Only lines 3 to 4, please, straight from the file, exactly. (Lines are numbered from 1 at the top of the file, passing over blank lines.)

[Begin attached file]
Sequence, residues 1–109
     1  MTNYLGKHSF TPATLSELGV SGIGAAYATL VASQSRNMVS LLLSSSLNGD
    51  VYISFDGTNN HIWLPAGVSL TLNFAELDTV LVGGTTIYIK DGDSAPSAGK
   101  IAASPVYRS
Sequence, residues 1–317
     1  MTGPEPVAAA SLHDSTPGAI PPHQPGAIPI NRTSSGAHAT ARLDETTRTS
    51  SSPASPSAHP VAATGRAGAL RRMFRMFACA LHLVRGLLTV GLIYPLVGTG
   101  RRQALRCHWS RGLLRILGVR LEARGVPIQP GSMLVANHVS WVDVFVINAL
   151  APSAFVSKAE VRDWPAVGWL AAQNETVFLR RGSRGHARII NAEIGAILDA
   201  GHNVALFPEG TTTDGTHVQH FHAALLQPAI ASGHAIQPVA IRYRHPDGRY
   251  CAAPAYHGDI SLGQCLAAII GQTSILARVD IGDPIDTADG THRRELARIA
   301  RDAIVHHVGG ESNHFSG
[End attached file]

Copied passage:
    51  VYISFDGTNN HIWLPAGVSL TLNFAELDTV LVGGTTIYIK DGDSAPSAGK
   101  IAASPVYRS